Rollright
Neolithic / Bronze Age - Stone Circle / Standing Stone and Tomb
Great and Little Rollright, Oxfordshire  OS Map Ref SP295309
OS Maps - Landranger 151 (Stratford-upon-Avon), Explorer 191 (Banbury, Bicester & Chipping Norton)


Rollright - King's Men Circle
Looking southwest to the King's Men circle, Rollright. June 1992

Rollright - The Whispering Knights
The Whispering Knights

Rollright consists of 3 main sites standing on the Warwickshire / Oxfordshire border which are thought to date from as early as 3800BC to as late as 1500BC - The King's Men, the King Stone and the Whispering Knights.

King's Men
77 stones in a small 31 metre stone circle of heavily weathered and eroded limestone with possibly an entrance to the north. This is the only circle in this area and although attractive, has always appeared to me to have some kind of sinister aspect to it. It is believed to date from the late Neolithic to early Bronze Age period of 2500-2000BC.

King Stone
This 2.5 metre stone stands on the other side of the road to the north in Warwickshire and may have originally been either an outlier for the circle or a marker for a Bronze Age cairn and round barrow that stand nearby to the northeast. It seems probable that the King Stone is the youngest of the monuments at Rollright.

Whispering Knights
A burial chamber in a farmers field to the SE of the circle with 4 remaining uprights and a fallen capstone. It would once have been covered by a stone and rubble cairn, traces of which were found during excavations in the 1980's. This is the oldest monument at the site with a suggested construction date of 3800-3000BC.

There are many legends attached to this site, one local tale claims that it is a king and his army turned to stone by a witch. Sybil Marshall recounts the tale in her book 'English Folk Tales', thus -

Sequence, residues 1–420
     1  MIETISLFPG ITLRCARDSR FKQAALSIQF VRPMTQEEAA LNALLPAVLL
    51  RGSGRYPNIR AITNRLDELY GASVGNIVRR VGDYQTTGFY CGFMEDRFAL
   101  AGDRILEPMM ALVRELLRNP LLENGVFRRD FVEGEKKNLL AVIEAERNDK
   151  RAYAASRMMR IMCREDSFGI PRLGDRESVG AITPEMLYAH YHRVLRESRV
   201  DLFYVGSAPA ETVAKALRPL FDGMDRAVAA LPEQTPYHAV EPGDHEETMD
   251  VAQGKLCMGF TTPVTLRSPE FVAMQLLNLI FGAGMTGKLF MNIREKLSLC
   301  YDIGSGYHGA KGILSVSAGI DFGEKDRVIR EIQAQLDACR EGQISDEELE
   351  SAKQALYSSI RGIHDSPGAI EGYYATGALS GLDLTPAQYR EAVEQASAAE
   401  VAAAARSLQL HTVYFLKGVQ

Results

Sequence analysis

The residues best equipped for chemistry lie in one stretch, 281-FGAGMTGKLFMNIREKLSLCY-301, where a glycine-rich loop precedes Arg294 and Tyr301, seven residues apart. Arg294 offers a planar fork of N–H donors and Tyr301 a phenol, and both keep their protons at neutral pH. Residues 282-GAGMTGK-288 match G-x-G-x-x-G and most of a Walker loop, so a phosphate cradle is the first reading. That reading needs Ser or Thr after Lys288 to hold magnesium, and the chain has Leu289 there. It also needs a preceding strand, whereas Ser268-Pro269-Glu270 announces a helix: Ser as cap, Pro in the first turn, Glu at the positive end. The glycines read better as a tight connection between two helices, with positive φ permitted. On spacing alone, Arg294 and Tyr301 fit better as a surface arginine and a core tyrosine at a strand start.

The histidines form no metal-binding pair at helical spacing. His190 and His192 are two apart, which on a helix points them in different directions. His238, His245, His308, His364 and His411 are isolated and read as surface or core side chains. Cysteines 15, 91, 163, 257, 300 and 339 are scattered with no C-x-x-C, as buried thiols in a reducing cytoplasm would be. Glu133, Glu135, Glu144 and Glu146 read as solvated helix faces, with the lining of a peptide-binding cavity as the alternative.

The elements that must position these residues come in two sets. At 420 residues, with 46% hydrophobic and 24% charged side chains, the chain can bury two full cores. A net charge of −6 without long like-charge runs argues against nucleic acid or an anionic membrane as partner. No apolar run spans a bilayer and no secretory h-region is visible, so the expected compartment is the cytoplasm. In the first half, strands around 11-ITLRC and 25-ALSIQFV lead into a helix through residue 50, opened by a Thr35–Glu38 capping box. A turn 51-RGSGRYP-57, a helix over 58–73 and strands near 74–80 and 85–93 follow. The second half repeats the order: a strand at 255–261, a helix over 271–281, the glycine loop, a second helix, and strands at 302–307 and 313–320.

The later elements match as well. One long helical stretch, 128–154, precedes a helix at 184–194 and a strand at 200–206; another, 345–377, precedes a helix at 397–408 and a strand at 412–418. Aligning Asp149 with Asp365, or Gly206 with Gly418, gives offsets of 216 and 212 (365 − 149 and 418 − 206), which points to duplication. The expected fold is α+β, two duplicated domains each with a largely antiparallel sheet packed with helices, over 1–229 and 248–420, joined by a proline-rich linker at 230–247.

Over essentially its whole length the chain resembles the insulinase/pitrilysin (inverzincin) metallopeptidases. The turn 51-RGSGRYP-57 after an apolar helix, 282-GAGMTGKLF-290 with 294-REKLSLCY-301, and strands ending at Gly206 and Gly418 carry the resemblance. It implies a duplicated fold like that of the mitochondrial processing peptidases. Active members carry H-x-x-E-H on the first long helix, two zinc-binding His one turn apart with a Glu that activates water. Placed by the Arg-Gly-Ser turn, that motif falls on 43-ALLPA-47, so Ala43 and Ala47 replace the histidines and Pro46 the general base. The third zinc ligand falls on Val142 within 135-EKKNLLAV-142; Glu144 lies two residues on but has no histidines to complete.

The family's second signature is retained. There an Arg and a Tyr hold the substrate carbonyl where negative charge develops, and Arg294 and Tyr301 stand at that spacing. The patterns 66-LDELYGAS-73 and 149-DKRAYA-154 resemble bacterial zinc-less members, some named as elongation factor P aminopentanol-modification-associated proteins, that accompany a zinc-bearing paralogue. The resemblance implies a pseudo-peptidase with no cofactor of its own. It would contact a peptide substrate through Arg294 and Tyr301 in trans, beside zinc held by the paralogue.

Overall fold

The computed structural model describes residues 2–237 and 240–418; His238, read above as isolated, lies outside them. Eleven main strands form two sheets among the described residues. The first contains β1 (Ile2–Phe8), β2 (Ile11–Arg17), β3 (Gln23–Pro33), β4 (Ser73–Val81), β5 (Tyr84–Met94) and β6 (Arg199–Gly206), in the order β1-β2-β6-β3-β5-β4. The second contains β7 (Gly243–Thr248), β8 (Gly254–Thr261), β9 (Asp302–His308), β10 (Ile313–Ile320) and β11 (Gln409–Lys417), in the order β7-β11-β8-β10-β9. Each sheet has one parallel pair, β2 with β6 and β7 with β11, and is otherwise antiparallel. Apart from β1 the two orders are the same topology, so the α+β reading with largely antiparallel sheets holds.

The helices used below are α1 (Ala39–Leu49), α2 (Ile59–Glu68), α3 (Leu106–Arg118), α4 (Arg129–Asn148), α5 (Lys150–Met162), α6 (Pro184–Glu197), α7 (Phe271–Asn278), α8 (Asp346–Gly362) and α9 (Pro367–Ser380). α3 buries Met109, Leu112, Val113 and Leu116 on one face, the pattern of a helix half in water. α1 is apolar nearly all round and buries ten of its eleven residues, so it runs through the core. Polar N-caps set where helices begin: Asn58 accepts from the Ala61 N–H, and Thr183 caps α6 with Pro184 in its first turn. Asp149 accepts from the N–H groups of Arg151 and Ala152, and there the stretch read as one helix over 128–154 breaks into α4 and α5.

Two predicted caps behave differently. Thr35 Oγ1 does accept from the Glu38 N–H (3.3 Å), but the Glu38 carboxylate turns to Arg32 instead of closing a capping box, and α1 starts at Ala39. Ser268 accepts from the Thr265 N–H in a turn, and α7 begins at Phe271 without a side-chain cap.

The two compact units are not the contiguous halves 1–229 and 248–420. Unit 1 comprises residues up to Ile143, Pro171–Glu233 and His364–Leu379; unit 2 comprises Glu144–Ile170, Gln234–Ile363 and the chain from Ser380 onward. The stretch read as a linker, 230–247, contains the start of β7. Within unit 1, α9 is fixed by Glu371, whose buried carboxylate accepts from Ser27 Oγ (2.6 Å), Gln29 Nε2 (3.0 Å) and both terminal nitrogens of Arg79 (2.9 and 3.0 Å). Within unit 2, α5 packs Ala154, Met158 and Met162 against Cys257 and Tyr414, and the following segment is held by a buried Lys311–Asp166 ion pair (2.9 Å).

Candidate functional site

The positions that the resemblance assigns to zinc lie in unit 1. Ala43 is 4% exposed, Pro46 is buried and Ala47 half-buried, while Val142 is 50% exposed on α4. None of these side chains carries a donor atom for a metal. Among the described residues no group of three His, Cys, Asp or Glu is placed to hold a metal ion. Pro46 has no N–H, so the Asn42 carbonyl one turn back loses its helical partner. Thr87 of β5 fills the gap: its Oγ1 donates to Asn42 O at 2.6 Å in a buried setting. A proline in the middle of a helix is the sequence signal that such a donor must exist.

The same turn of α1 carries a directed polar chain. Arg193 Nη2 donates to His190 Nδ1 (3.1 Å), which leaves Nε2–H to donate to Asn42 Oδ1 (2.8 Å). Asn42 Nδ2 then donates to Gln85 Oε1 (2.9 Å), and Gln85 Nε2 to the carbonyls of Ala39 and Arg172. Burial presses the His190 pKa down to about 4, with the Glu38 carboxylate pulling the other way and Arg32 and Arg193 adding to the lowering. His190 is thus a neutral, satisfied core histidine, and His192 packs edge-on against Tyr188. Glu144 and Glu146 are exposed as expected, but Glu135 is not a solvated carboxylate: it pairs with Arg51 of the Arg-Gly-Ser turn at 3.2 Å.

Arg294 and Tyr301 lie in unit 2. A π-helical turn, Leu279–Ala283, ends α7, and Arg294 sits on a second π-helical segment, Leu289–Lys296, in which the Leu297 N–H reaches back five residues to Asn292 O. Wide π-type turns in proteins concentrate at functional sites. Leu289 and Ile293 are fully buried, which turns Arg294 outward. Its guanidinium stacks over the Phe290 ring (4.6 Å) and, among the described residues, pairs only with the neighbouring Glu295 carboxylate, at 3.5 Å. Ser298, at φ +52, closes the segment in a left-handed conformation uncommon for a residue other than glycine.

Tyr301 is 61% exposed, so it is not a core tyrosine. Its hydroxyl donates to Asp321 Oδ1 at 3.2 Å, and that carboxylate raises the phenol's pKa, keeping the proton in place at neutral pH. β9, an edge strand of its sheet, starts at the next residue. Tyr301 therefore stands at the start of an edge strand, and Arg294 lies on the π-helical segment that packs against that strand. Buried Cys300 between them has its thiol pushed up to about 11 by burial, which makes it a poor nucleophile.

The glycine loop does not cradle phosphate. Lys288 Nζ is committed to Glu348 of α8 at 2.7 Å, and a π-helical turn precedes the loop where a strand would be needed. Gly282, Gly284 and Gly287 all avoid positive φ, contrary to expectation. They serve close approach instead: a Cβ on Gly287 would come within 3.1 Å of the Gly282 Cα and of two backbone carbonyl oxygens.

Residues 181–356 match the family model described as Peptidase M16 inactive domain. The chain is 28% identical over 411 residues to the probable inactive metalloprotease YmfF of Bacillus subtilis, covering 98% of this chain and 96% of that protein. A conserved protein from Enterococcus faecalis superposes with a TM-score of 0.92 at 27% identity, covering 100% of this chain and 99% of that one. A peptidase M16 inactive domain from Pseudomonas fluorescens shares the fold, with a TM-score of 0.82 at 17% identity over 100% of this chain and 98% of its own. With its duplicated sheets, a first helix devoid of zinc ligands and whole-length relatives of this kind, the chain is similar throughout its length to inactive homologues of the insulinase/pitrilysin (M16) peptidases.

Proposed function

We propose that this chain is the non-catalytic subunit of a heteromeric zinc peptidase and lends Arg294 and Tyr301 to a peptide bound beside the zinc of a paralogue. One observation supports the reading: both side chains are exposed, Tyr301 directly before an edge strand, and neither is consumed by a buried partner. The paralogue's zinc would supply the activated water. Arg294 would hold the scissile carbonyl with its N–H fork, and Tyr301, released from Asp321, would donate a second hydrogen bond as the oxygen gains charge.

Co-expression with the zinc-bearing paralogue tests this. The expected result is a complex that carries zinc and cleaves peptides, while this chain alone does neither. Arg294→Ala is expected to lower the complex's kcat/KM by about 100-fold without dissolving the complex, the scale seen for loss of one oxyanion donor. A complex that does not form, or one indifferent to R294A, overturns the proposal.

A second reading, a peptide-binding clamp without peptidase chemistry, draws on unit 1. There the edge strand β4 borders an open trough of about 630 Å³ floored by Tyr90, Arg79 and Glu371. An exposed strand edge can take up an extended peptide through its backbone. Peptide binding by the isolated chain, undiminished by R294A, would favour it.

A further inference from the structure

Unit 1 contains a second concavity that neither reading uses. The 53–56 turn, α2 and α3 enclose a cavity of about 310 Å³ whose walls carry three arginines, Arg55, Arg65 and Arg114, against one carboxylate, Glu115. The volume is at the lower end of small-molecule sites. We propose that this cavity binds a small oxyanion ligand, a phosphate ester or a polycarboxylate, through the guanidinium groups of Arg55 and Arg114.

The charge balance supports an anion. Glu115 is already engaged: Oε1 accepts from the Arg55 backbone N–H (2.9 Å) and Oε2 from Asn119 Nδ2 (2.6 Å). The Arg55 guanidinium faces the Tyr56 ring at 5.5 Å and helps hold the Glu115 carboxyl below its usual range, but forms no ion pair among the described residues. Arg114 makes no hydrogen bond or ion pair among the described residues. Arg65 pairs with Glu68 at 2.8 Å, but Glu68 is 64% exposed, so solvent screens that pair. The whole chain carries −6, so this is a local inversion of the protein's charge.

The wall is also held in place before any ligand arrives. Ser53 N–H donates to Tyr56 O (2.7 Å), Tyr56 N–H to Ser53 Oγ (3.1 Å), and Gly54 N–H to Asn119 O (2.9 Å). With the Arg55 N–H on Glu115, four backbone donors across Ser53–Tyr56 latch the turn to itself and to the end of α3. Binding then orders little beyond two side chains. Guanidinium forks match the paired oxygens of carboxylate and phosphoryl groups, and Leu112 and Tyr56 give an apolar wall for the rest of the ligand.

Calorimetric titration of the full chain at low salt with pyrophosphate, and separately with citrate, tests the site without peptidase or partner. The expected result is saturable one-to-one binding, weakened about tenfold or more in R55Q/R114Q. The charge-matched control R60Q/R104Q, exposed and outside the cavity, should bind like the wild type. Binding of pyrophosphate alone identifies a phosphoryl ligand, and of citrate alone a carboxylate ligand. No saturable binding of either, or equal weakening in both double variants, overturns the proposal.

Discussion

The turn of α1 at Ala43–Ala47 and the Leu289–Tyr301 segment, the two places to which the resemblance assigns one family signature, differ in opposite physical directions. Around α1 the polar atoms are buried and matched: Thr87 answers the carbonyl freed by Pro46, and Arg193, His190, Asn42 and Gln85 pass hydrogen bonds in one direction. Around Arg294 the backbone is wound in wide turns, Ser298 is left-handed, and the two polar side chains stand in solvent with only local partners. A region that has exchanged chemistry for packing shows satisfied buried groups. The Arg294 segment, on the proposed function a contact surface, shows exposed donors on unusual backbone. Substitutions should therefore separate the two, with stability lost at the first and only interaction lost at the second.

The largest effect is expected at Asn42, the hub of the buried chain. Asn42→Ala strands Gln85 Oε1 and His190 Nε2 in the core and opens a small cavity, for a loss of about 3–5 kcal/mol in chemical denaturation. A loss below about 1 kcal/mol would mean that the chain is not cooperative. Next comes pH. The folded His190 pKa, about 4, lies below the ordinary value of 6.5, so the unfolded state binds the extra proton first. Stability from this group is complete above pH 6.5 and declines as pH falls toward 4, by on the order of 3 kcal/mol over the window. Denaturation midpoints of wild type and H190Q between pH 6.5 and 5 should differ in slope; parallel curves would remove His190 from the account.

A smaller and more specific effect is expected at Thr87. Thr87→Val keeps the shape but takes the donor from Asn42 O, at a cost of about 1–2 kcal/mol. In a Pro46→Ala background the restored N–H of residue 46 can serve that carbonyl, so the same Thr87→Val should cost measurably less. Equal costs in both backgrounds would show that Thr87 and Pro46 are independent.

A local king was travelling across Oxfordshire with his 5 knights and soldiers. Suddenly he was challenged by an old woman who asked of his business, to which he replied 'To conquer England , and rule it as one kingdom'. To this she said -
     
     'Seven long strides more take thee,
     And if Long Compton thou canst see,
     King of all England thou shalt be'

The king replied to her challenge:

     'Stick, stock and stone,
     As King of England I shall be known'

In doing so, he took 7 mighty strides, but found his view obscured by a mound of earth, the witch now crying aloud-

     'Because Long Compton thou canst not see,
     King of England thou shalt not be.
     Rise up stick, and stand still stone,
     King of England thou shalt be none.
     Thee and thy men hoar stone shall be,
     And I myself an eldern tree'

The king and his men were frozen to stone, and remain there to this day. Another story, common to many circles and burial chambers says that the stones cannot be counted, that they go down to the river to drink at midnight, or on New Year's Day, and that if they are removed they will return to their original positions.

Dances and feasts used to be held near the King Stone on Midsummer's Eve, and the site still appears to be popular with those of a Pagan persuasion, on one visit a few days after the summer solstice some of the stones showed signs of red candle wax, and trees nearby were be-decked with offerings. Whatever your views on such things, Rollright is well worth a visit, standing as it does close to the Roman Fosse Way and the beautiful Cotswold town of Stow on the Wold.

Rollright - The King Stone
The King Stone

Rollright Stone
The largest stone in the circle

Rollright - Whispering Knights at sunset
The Whispering Knights at sunset - intent on treachery?

Rollright - Plan of the site


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